On Aug. 5, 2016, Jamarion was killed in a rapid spray of bullets while inside his girlfriend’s East Point apartment. Nearly three minutes of gunfire were captured on a resident’s cell phone.
“His head, hands shot off, arms, entire upper and lower torso area, down his thighs, his shins, his feet,” Monteria recalled.
Community activist Nicole Borden walked through the apartment after the Georgia Bureau of Investigation processed the scene in 2016. Bordon and Monteria believe the use of force was excessive.
“As you’re going up the stairs the numbers keep getting larger—15, 20… and you start to think like, when are you going to stop counting? I mean, No. 68. Can you imagine going to a crime scene and you see No. 68 bullet,” Borden asked, counting the police-marked bullet holes in the walls.
U.S. Marshals said Jamarion had a gun.
But Borden questioned how he could get six bullet wounds – one in the palm of his hand – if he was continuing to hold and fire a weapon.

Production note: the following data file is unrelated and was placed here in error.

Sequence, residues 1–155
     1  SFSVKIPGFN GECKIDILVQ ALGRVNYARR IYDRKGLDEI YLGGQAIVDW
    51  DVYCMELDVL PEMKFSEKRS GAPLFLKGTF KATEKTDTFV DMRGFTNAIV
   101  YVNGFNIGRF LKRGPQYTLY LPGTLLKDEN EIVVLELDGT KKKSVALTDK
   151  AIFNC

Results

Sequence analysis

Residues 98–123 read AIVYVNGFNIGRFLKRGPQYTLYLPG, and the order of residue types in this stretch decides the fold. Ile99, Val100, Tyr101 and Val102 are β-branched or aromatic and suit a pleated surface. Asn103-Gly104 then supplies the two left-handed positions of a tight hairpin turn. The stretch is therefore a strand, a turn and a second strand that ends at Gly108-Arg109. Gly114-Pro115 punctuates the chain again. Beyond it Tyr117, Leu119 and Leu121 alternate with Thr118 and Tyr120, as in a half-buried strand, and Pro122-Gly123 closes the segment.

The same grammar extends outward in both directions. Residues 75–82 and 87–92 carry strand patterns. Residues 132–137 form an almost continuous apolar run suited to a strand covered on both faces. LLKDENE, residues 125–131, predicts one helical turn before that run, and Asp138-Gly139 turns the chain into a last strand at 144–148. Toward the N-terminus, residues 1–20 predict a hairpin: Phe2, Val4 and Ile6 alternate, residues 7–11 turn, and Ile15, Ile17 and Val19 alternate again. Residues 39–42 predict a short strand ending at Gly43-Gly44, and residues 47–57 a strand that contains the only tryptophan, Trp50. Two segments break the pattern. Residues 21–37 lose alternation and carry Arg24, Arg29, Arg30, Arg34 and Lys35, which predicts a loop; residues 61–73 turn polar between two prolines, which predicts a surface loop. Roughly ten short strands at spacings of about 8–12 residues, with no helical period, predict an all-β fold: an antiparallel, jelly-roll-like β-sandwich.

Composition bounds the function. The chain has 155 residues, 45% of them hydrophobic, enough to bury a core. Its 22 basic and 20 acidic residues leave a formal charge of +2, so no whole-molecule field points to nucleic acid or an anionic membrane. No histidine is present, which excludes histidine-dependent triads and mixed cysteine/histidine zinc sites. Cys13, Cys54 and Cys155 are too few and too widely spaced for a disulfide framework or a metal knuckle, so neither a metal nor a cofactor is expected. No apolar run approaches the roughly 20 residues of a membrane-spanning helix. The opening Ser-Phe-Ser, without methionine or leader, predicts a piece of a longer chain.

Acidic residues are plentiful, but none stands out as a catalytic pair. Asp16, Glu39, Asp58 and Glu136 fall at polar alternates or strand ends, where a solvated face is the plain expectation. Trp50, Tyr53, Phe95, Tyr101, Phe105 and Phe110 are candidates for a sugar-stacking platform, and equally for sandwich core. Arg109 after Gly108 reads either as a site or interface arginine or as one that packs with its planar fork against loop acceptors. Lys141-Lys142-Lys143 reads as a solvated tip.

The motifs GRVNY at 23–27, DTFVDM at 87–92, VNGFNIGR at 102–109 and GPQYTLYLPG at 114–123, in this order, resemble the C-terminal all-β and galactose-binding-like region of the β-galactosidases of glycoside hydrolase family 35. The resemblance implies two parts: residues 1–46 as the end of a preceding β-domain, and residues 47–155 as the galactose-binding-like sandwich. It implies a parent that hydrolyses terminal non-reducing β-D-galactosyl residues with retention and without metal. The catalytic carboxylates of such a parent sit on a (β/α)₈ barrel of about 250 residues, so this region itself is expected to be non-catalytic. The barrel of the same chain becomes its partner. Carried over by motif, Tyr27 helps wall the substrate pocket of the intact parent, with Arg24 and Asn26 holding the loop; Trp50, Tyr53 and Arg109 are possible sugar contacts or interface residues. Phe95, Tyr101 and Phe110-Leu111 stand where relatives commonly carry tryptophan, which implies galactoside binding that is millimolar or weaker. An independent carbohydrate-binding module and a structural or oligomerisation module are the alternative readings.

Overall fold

And one year later, his mom wants answers.
“We’re asking for transparency. These officers need to be held accountable,” Monteria demanded. “I want the world to know my son was shot, 76 bullets into his body. Why?
My son was handcuffed after 76 bullets entered his body. My son was dragged down a flight of stairs after being shot 76 times. Why?”
Based on the wounds he suffered, she said, it appears someone stood over his body and continued to fire their service weapons directly at his body.
“His arms are mangled. He had six bullets in the palm of his right hand. In his palm. In his left hand, he had five bullets so you tell me how someone could be holding a gun,” she pleaded. “His arms are blown to pieces. Why?
I want to know why. Why was his body riddled with bullets? Why?”